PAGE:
Introduction to Access TU
>> I was always taught, like, the squeaky wheel got heard, it's like if something is a problem and you need it fixed you got to be the squeaky wheel and you will get heard.
>> Asking for help does not mean that, you know, you are, you know, incapable or you are a weak person, it just means that you are self-aware.
>> You know yourself the best. So your ability to talk about a disability, if you have one, your needs, and all of that is instrumental in your success in the classroom.
>> It's very useful to have that information, to be informed; it's an easy thing for the student to do.
>> Whatever previously existing stigma that was attached to it is not as pronounced, if it is there at all.
>> With the frank discussion of what their needs are, realize that they are not getting any special treatment, they are getting the accommodations they need for a level playing field.
>> You have to ask for things that are needed. If you haven't, if you don't have the gumption to ask, then the answer is always going to be no. Maybe you will keep going forward and never really get what you need.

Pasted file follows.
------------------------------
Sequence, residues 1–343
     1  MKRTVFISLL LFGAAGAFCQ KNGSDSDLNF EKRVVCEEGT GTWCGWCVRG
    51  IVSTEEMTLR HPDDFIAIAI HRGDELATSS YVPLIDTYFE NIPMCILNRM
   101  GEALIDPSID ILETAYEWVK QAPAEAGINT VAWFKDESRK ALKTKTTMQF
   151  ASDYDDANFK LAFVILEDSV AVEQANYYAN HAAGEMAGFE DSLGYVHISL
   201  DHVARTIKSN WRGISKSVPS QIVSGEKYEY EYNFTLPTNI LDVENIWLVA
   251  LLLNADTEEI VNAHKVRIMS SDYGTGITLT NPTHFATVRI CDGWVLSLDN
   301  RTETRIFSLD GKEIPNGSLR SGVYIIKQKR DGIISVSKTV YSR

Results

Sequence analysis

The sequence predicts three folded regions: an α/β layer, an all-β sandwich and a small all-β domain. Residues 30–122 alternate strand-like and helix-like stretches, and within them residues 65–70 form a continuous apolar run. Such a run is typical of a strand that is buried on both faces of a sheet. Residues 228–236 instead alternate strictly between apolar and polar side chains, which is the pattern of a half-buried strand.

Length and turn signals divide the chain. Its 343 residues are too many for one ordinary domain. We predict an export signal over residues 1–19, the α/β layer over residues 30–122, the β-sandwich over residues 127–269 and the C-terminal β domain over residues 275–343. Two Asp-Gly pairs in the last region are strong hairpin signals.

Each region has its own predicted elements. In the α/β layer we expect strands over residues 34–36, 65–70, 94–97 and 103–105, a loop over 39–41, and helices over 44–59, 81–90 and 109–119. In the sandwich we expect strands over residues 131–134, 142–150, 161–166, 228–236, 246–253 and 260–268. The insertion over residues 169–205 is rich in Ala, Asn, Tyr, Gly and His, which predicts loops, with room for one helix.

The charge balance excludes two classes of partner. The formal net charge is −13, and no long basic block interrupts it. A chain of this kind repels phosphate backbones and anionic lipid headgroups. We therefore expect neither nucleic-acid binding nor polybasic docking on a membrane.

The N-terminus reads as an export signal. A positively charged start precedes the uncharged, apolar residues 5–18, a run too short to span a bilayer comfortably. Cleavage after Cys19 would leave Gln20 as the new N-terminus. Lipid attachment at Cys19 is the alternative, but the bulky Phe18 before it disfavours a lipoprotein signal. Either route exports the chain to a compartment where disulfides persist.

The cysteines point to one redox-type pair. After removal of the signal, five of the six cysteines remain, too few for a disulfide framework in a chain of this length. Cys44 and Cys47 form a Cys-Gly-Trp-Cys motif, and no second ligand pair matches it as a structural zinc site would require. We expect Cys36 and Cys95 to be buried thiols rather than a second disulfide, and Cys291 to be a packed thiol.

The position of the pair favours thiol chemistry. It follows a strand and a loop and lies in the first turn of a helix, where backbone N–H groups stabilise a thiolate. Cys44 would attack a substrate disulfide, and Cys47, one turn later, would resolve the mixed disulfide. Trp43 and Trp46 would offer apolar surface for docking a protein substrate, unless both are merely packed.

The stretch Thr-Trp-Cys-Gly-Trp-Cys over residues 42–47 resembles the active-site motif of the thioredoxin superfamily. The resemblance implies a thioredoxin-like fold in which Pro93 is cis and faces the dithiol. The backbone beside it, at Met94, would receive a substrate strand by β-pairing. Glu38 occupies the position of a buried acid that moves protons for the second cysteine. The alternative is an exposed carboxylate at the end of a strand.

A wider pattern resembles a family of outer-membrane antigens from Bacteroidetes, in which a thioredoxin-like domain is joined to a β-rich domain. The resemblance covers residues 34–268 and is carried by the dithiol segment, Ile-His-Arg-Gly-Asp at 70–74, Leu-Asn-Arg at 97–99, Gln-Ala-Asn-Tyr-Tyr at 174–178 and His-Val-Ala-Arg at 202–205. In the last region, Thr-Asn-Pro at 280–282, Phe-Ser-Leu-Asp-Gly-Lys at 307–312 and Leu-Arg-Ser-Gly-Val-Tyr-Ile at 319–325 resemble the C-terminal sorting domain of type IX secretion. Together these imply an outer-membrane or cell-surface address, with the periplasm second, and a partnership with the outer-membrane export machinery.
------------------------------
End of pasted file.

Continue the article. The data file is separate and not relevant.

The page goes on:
>> I am eligible. I'm allowed to have these accommodations. It's a right of mine and to get the best out of what I'm going to school for here at Temple, you know, I need to speak up for myself and, you know, ask for what I need.
>> These are skills that the student should generalize to other settings and hopefully are skills that the student will learn to use in life.
>> This is Access TU, Advocacy in Action, a tool for successful self-advocacy in higher education.